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Survival of rabid rabbits after intrathecal immunization

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Title: Survival of rabid rabbits after intrathecal immunization
Authors: Kesdangsakonwut, Sawang Browse this author
Sunden, Yuji Browse this author →KAKEN DB
Aoshima, Keisuke Browse this author
Iwaki, Yoshimi Browse this author
Okumura, Masahiro Browse this author →KAKEN DB
Sawa, Hirofumi Browse this author →KAKEN DB
Umemura, Takashi Browse this author →KAKEN DB
Keywords: animal experiment
CNS pathology
intrathecal immunization
rabies virus
treatment of rabies
Issue Date: Jun-2014
Publisher: Wiley-Blackwell
Journal Title: Neuropathology
Volume: 34
Issue: 3
Start Page: 277
End Page: 283
Publisher DOI: 10.1111/neup.12094
Abstract: Rabies is a fatal zoonotic disease for which no effective treatment measures are currently available. Rabies virus (RABV) has anti-apoptotic and anti-inflammatory properties that suppress nerve cell damage and inflammation in the CNS. These features imply that the elimination of RABV from the CNS by appropriate treatment could lead to complete recovery from rabies. Ten rabbits showing neuromuscular symptoms of rabies after subcutaneous (SC) immunization using commercially available vaccine containing inactivated whole RABV particles and subsequent fixed RABV (CVS strain) inoculation into hind limb muscles were allocated into three groups. Three rabbits received no further treatment (the SC group), three rabbits received three additional SC immunizations using the same vaccine, and four rabbits received three intrathecal (IT) immunizations, in which the vaccine was inoculated directly into the cerebrospinal fluid (the SC/IT group). An additional three naïve rabbits were inoculated intramuscularly with RABV and not vaccinated. The rabbits exhibited neuromuscular symptoms of rabies within 4-8 days post-inoculation (dpi) of RABV. All of the rabbits died within 8-12 dpi with the exception of one rabbit in the SC group and all four rabbits in SC/IT group, which recovered and started to respond to external stimuli at 11-18 dpi and survived until the end of the experimental period. RABV was eliminated from the CNS of the surviving rabbits. We report here a possible, although still incomplete, therapy for rabies using IT immunization. Our protocol may rescue the life of rabid patients and prompt the future development of novel therapies against rabies.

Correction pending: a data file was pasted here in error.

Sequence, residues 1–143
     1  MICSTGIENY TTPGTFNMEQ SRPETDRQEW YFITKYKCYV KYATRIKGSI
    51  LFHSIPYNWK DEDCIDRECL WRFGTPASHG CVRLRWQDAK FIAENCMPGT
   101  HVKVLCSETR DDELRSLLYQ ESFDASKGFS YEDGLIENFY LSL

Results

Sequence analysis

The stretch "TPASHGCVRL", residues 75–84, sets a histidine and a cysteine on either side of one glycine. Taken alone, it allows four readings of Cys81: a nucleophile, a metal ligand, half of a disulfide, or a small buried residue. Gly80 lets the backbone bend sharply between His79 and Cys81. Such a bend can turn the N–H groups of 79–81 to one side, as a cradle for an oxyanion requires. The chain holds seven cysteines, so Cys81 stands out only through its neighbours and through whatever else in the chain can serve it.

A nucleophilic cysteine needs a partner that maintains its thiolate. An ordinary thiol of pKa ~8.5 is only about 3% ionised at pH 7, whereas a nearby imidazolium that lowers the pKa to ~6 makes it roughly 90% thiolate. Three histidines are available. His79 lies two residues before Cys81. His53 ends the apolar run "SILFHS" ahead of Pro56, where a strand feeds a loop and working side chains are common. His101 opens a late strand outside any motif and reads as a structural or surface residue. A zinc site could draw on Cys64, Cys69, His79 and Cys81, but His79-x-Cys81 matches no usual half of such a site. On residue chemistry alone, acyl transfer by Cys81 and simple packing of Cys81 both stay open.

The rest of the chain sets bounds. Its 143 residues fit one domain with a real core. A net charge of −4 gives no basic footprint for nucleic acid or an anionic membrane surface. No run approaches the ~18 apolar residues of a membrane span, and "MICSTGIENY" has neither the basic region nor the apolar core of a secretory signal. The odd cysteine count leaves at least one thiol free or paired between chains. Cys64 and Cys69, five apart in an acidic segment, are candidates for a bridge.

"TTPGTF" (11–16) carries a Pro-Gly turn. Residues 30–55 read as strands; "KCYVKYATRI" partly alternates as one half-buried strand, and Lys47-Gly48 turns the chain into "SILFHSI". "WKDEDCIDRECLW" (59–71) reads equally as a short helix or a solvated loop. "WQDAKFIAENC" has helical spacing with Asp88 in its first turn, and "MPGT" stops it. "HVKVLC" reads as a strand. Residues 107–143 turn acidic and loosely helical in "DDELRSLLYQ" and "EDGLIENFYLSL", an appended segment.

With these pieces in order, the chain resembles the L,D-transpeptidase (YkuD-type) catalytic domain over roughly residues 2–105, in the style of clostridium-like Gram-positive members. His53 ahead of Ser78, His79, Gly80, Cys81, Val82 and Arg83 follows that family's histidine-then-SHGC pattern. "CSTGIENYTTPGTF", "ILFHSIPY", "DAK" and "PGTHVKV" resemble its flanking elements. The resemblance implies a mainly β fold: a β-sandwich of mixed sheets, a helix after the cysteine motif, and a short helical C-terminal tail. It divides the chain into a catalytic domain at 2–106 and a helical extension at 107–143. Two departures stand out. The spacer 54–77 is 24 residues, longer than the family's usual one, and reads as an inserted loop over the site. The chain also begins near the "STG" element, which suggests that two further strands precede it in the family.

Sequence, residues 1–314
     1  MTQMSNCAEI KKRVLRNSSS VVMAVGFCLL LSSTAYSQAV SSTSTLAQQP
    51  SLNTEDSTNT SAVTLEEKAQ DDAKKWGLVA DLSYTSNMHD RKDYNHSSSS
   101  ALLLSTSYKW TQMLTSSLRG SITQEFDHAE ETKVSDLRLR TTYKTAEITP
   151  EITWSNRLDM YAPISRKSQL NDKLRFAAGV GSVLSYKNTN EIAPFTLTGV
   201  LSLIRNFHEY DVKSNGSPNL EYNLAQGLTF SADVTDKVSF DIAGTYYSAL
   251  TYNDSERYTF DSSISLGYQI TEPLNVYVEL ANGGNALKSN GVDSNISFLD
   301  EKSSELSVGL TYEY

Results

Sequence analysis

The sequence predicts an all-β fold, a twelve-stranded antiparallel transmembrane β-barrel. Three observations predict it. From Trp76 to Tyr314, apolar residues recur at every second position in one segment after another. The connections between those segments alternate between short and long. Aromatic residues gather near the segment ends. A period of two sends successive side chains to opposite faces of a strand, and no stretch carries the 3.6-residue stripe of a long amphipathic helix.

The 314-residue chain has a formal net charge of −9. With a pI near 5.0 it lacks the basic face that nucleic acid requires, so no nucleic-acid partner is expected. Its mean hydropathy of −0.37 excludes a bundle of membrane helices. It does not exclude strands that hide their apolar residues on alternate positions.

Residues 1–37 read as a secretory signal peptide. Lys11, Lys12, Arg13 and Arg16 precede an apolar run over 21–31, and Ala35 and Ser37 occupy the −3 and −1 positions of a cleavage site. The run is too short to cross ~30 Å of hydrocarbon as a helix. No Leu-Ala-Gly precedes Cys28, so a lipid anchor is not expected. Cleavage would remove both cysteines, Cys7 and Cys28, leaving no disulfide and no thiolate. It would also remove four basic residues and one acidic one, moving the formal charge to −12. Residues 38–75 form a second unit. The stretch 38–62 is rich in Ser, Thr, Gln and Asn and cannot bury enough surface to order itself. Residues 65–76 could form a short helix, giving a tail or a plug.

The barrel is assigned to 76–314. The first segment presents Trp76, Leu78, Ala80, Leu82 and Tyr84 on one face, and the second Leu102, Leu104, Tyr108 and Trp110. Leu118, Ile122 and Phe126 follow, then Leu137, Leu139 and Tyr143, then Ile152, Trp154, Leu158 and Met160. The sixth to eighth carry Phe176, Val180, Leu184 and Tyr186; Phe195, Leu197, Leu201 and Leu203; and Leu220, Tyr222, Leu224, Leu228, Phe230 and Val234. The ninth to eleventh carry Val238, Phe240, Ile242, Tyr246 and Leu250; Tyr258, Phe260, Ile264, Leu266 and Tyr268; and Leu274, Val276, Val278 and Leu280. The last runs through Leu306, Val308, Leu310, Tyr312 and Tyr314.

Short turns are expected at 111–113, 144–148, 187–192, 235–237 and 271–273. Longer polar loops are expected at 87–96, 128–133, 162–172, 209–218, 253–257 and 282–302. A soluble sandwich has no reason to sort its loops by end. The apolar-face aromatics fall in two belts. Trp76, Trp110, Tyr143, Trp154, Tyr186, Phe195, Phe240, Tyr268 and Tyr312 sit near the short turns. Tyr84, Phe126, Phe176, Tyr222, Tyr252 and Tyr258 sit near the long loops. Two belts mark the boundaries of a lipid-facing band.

Type: article
Appears in Collections:獣医学院・獣医学研究院 (Graduate School of Veterinary Medicine / Faculty of Veterinary Medicine) > 雑誌発表論文等 (Peer-reviewed Journal Articles, etc)

Submitter: 梅村 孝司

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